Bushcraft Knives: Care and Correct usage
If you’re taking the time to read this article, then the chances are that you’re already an owner of some outdoors knives, or you’re planning on making an imminent purchase of a bushcraft knife, a tool that with proper care and correct usage will last you a lifetime.
So, how does one look after their cutting tools and bushcraft knives correctly? Well, the answer is to use each tool for its intended purpose. No matter how large the blade, no matter how strong the steel or thick the cutting tool, if the knife is being used incorrectly a breakage is possible with any bushcraft knife, large or small, cheap or expensive. Bushcraft knives and outdoor cutting tools are far from weak, but correct usage is a must if you want your tools to perform flawlessly and avoid unwanted risk of breakage.
How Not To Use Your Outdoor and Bushcraft Knives
There are several supposed bushcraft techniques that seem to be more responsible for damaging knives more so than others, and all is due to the fact that knives are not intended for these tasks. I have named and covered the main offending acts which can risk damage to your knives.
Battoning a Log — A Good Way to Break Your Bushcraft Knife
This, in my mind, is the main offender of breaking the blades of knives. Battoning is the act of placing the blade on top of a small log whilst striking the back of the blade with a hard object to split the log into two pieces. The blade is usually struck by another piece of wood, although I have seen examples of stones being used! Battoning is perfectly fine to do if the “log” has a small diameter, ideally nothing more than 1” (technically a large stick rather than log). IF you need to split logs, then use a dedicated tool, such as a bushcraft axe or a billhook, two tools which are designed for the sole purpose of chopping tasks.
Pry Bar — Not a Good Idea
Another common, and usually damaging area for knives, is that of using them as a pry bar. Unless designed especially for this, no knife should be used to pry open split wood, remove nails (or knock them in!). Having run courses and being involved in the knife business for many years, I’ve often seen knives with a very pronounced curvature to the blade due to improper use this way and almost always results in a flaw which cannot be corrected, if not resulting in a complete break of the blade.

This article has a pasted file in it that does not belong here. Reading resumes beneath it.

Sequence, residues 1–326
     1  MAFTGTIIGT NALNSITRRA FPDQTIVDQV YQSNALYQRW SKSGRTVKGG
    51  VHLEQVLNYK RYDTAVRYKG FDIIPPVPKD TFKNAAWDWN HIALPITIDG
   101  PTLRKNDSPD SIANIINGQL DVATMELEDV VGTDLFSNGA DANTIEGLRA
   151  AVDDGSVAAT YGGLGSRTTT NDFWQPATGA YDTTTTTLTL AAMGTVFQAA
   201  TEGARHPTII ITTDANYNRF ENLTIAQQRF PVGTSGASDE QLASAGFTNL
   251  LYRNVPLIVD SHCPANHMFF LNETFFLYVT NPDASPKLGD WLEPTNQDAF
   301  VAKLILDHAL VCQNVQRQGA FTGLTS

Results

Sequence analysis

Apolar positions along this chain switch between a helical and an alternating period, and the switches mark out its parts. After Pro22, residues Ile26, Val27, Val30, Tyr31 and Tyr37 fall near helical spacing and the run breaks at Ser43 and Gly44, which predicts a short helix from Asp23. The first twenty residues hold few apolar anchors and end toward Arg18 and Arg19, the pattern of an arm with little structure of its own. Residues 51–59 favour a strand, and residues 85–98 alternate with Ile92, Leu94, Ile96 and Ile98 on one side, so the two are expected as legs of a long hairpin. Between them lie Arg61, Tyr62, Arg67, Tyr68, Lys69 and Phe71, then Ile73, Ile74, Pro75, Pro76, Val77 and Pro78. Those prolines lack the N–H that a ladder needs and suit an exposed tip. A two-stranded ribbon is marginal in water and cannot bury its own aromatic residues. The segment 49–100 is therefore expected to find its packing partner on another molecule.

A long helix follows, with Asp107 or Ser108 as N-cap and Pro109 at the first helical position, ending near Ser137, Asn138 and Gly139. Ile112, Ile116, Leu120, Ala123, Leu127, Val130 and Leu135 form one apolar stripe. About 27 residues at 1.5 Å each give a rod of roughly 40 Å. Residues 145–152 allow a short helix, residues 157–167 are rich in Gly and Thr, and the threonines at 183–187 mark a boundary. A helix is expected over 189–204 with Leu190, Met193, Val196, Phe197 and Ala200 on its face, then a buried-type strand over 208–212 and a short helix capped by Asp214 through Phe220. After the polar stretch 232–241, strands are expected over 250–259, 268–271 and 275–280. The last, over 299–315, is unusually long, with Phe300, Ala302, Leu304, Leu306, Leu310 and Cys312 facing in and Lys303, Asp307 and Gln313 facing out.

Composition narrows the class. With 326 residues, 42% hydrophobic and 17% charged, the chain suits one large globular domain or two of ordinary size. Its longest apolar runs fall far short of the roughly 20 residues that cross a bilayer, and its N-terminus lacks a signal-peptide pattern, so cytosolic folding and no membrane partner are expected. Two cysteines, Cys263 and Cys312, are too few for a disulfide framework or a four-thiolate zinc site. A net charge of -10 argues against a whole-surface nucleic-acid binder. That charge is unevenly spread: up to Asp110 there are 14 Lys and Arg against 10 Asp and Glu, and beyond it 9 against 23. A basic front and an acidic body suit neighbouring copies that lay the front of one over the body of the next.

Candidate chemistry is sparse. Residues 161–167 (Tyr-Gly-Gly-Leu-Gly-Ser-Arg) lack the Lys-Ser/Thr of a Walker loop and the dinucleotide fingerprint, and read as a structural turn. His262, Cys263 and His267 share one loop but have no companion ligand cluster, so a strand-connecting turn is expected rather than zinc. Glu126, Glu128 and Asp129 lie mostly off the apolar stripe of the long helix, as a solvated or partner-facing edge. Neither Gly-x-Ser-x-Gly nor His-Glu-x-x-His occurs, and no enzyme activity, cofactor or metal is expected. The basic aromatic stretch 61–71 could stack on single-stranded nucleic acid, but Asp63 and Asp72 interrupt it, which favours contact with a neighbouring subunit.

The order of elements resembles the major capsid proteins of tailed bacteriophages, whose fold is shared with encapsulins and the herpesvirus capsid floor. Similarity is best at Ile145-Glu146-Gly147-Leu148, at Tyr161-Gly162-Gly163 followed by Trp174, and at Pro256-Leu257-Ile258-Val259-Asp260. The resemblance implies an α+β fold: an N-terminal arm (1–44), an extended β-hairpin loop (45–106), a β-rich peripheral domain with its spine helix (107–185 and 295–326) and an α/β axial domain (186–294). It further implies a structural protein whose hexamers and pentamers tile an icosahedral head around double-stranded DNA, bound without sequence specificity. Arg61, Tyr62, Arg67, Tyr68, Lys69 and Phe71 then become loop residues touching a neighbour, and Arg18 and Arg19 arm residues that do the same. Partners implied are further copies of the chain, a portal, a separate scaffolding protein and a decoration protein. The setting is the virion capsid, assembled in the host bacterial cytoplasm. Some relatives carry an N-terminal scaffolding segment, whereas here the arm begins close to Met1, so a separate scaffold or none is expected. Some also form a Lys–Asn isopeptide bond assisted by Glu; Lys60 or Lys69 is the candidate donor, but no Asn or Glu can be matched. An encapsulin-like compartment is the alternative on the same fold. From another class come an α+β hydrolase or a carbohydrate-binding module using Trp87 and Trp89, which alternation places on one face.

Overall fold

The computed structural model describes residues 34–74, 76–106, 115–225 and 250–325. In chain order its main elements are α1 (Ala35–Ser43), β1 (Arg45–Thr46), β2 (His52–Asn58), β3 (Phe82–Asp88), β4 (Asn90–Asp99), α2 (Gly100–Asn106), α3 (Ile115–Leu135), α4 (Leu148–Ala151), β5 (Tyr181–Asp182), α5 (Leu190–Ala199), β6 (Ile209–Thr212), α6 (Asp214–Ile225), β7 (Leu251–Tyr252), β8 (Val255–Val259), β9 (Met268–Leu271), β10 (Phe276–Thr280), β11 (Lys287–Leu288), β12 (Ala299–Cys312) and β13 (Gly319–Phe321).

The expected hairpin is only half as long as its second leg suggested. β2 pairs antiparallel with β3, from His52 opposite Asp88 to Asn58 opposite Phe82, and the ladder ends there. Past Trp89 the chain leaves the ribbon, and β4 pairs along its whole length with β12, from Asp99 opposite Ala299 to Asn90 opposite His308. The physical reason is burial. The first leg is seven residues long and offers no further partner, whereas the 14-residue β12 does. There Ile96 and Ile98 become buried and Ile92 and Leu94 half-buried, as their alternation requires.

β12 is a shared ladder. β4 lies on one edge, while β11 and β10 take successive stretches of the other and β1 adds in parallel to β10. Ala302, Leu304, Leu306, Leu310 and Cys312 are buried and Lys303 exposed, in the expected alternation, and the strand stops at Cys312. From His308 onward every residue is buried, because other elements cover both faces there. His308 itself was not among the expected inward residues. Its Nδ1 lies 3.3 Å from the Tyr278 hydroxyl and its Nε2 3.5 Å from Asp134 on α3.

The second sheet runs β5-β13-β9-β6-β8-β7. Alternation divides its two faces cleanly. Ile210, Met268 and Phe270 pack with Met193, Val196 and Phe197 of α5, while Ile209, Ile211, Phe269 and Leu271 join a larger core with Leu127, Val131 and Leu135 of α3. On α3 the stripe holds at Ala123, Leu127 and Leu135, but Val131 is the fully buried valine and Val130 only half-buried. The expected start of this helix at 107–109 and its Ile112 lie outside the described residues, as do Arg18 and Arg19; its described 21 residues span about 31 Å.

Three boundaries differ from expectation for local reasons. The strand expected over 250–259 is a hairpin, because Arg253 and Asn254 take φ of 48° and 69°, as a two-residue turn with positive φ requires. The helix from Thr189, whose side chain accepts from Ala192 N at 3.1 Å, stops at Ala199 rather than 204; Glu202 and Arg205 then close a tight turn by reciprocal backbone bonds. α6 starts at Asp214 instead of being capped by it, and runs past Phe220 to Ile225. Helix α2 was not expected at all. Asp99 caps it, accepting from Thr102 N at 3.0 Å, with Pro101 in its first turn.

Using Your Knife as a Striker
There is nothing wrong with using the back of the blade of your knife as a firesteel striker, but don’t use the cutting edge! Using the actual blade to strike the Ferro Rod will cause damage to the blade. Using the back will not cause any issues unless you light lots of fires this way, then I’d recommend using the striker supplied with the firesteel (if there is one).
Digging With a Knife — Yes, This Actually Happens!
Poking a knife about in the soil will undoubtedly cause problems and will inevitably clash with a stone which will damage the blade, and even if that doesn’t happen, the coarse nature of soil and grit will cause a dull (blunt) blade and possibly result in rust if not cleaned afterwards.
Caring For Your Bushcraft Knives and Sheath
It’s important to know the steel type of the knife that you are using. You can read about the steel differences by clicking here, but really all you need to know is if the steel type is “Stainless” OR “Carbon”. Stainless steel requires less attention, other than keeping the edge sharp and the blade clean. Carbon steel is a different beast altogether and will require regular maintenance to avoid rust and corrosion. Always oil carbon steel with a light oil when it’s practical to do so, and if being stored for a long period of time remove the knife from the sheath (if it’s a leather sheath) as the tanning may cause rust over time. Of course, if being stored out of the sheath, then make sure it’s still safe by keeping it in a box or something to avoid injuries.
As a general rule, stainless steel will require a little more sharpening than that of carbon steel, and is usually best achieved with a whetstone. It’s important to never let the knife go completely blunt as it will become harder to get a good edge back on the blade, but equally it’s important not to over sharpen or sharpen too frequently as this can make the knife too sharp and in turn the edge may become a little weaker.
Maintaining the qualities of the sheath is something that need not be done frequently, but leather sheaths will benefit from being kept dry and treated with some good quality shoe polish, leather cream, and wax or saddle oil.